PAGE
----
The Berkeley City Council voted on Tuesday to support a museum exhibition that primarily features 15th- and 16th-Century European instruments of torture and death.
But while the ghoulish exhibits in the Historical Torture Museum might appeal to our darker curiosities, exhibitors say their message is anti-torture and anti-capital punishment.
The exhibit, which is sponsored by an array of humans rights organizations including Amnesty International, Human Rights Watch and the Center for Justice and Accountability, is currently showing at the Herbst International Exhibit Hall in San Francisco’s Presidio.
The council endorsed the exhibit, which includes Inquisitorial chairs, garrotes and an iron maiden, by a vote of 7-2, with Mayor Shirley Dean and Councilmember Polly Armstrong voting no.
“I understand the reason for the exhibit but I just can’t bring myself to support it,” Dean said. “I can face a lot of stuff but not that. The whole thing gives me the willies.”
Councilmember Kriss Worthington, who sponsored the recommendation, said he was surprised the endorsement did not get a unanimous vote.
“I guess some people reacted to the recommendation like these instruments of torture are throwbacks to another century, like they’re ancient history,” he said. “But torture still goes on today and education leads to prevention.”
Worthington said capital punishment is a good example of torture that causes human suffering to the condemned and their families.
In a letter of support posted on the Historical Torture Museum’s Website, the president of Amnesty International’s Spanish Section, Manuel Corroza Muro, agrees.
“If we do not provoke decided and tenacious indignation against this barbarism, the coming century will bring, without a doubt, a rich harvest of devices, monstrosities of torture and death.” his letter reads.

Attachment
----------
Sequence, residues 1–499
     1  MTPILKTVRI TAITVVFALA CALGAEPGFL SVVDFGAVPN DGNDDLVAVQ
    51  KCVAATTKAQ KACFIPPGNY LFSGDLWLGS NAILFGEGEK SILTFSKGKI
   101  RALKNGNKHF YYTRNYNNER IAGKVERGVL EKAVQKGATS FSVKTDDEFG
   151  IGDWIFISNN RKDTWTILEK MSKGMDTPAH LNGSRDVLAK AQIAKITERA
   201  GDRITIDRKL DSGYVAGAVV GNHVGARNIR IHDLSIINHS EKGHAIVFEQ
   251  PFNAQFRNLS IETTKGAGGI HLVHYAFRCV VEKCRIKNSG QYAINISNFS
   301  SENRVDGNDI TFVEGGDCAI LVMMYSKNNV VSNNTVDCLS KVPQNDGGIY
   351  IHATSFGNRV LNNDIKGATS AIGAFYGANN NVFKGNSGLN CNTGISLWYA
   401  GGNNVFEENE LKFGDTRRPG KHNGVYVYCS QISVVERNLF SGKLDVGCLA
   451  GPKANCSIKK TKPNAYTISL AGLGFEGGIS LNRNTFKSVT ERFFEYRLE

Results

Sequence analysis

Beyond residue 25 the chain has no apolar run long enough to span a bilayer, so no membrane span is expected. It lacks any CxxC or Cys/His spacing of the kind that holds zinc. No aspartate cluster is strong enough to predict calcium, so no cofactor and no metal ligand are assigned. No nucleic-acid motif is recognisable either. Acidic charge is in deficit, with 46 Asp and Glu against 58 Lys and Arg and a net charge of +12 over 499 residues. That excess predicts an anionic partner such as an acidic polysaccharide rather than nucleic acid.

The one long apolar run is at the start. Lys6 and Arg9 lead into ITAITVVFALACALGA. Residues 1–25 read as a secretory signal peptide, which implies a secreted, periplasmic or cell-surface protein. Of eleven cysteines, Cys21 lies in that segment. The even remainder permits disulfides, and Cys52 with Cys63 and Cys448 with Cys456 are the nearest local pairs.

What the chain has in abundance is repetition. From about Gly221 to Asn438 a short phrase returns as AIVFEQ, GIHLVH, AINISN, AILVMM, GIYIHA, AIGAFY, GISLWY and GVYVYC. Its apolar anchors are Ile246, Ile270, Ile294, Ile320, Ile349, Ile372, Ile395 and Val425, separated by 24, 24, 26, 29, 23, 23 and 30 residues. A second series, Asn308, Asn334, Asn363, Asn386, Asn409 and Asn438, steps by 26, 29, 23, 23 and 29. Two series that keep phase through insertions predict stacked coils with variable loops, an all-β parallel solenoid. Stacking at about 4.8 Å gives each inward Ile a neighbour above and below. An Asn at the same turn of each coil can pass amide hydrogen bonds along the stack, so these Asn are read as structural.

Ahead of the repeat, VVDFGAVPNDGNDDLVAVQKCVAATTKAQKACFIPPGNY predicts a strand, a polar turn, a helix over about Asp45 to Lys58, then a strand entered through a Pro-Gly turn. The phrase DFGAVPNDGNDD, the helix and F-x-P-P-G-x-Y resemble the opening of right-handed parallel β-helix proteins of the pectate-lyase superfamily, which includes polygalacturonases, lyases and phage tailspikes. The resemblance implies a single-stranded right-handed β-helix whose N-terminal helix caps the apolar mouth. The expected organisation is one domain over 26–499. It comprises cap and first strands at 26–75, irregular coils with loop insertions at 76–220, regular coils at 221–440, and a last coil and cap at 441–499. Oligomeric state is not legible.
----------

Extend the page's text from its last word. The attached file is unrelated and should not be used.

The exhibit, which opened on July 7, coincides with a series of lectures and roundtables that will also take place at the Herbst International Exhibit Hall on Wednesday and Thursday evenings through October 10. Lectures and roundtables are free and will cover national and international events such as, “The Death Penalty and the Case of Mumia Abu Jamal,” “Death www.torturamuseum.com.Row in Texas” and “Torture in Chile During the Pinochet years.”
According to the exhibit’s Website, the torture instruments are owned by Italian scholars who have made the diabolical equipment available for exhibitions throughout Europe and South America.
The show includes the Maiden of Nuremberg, a standing sarcophagus that was fitted with spikes to pierce its victims when the lid was closed. The spikes were arranged as not to pierce any vital organs so the victim could be kept alive but in excruciating pain. The thick container was designed so screams could not be heard outside. The image of a young maiden was carved on the door of the container, which scholars guess was added to improve the device’s image.
There is also a series of inquisition chairs, which have spikes designed to pierce the skin when sat upon. One chair has the capacity to be heated with coals to cause additional discomfort.
Other instruments include a garrote used to slowly choke its victims. According to the museum Website, the garrote was used as the official means of capitol punishment in Spain until 1975. There is also a heretics fork, an especially nasty little tool for forcing victims to keep their heads erect.
Marianne Graham, a Berkeley resident who attended the exhibit’s opening, said she was disturbed by the show but also inspired to become active with Amnesty International.
Graham said she finally had her home computer hooked up to the Internet so she could receive notices from Amnesty International about human rights violations all over the world.
“This is a powerful mechanism,” she said. “It just grabs you and makes you think seriously.”
Despite the stated good intentions of the exhibit, some are skeptical of its impact.
“I think it panders to a base curiosity,” Councilmember Armstrong said. “There’s so much meanness and cruelty around today we don’t need to be sponsoring it.”
For more information about the exhibit call (415) 646-0606 or see the Website www.torturamuseum.com